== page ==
THE SIGNAL BOX

OVERSEAS

RENIGUNTA JUNCTION
Madras and Southern Mahratta Railway

by John Hinson

Renigunta West signal cabin
Photograph by Dr. J W F Scrimgeour 10/46

Situated at the west end of Renigunta Junction station in 1946 was this interesting cabin. It has no windows, and no walls below floor level - just a a paling palisade. However, in British terms, it isn't a signal box at all but just a "ground frame", manned as required and supervised from the station.

This view looks west along the broad (5'6") gauge single line towards Guntakel and Bombay, with the Eastern Ghats forming a backdrop. The overbridge in the distance carries the metre gauge line from Gudur, which swings round to call at the opposite face of the one platform at this station. The station is only a "junction" in respect of interchange.

Interior of cabin at west end of Renigunta Junction
Photograph by Dr. J W F Scrimgeour 10/46

The frame inside the cabin is of the same type as illustrated at Ghorpuri "B", though to be of local manufacture. The open element of the box design, together with the absence of permanent staff, have allowed the lever frame to weather noticeably.

Notice that one lever is provided with an Annett's key - they key probably releases a remote ground frame and can only be withdrawn from the frame when the lever is reversed. In turn, the reversal of that lever will ensure, through the interlocking, that the signals protecting that ground frame cannot be cleared.

Looking towards Renigunta staion
Photograph by Dr. J W F Scrimgeour 10/46

At the opposite end of the station is a similar cabin, and entry to the station from each direction is governed by a splendid three-doll bracket signal acting as the Inner signal. There are three lines through the station, but only the main (straight) route is served by the platform.

Under Indian signalling principles, the Inner signal is equivalent to the British Home signal, whilst the Outer is located some distance out, like a Distant signal, although the function is not quite the same. It is interesting to note the ground signal at the foot of the post is actually "upper quadrant" and similar to those installed by the London & North Eastern Railway.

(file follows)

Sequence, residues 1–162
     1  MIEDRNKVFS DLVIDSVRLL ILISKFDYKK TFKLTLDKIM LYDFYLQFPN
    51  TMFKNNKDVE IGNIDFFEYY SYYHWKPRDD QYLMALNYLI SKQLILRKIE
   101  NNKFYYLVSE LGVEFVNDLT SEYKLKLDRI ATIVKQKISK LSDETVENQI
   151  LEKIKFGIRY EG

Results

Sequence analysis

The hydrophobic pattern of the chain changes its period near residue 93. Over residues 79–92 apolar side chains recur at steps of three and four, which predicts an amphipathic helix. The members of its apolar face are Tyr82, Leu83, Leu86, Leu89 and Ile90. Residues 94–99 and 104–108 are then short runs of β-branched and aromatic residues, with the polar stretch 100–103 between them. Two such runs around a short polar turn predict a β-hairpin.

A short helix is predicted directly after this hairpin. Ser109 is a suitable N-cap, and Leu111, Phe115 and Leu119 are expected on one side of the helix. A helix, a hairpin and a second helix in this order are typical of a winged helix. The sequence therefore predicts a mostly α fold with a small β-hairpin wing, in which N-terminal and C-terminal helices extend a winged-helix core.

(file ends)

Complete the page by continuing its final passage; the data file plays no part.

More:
The metre gauge line serving the other face of the platform curves quite sharply away to continue to Pakala Junction, whilst the M&SM line continues (behind the cameraman) on its journey to Madras.

Inside the Station Master's Office
Photograph by Dr. J W F Scrimgeour 10/46

Stepping inside the Station Master's Office on the platform, we find a pair of single-line instruments. In the centre of the picture is a metal-cased Neale's Ball Token instrument applicable to the nine mile section to Mamanduru on the broad gauge line towards Raichur, and a Theobald's Token (on the right) controls one of the metre gauge sections. The function of the device in the background is unknown; it may not be signalling related.

The station master also has his own mechanical frame outside the office on the platform. This controls all the running signals worked by the satellite cabins at each end of the station.

The metre gauge line through Renigunta Junction does have signalling but is interlocked by the Sequential Key Interlocking system. Like the broad gauge line, there is a platform face against the main line, and also a loop alongside.

An example of operation of the Sequential Key Interlocking System is as follows:

To receive a train on the platform line from Gudur

To receive a train on the loop line from Gudur

Key A was for the Gudur - Pakali Junction direction, and Key B for the opposite direction. Only one of these two keys could be released at once.

This method of working was very common on quieter branch lines in India, saving the cost of point rodding.

Around 1955, the metre gauge line to Gudur was converted to broad gauge, allowing a proper junction to be built at Renigunta.

About the photographs



Comments about this article should be addressed to John Hinson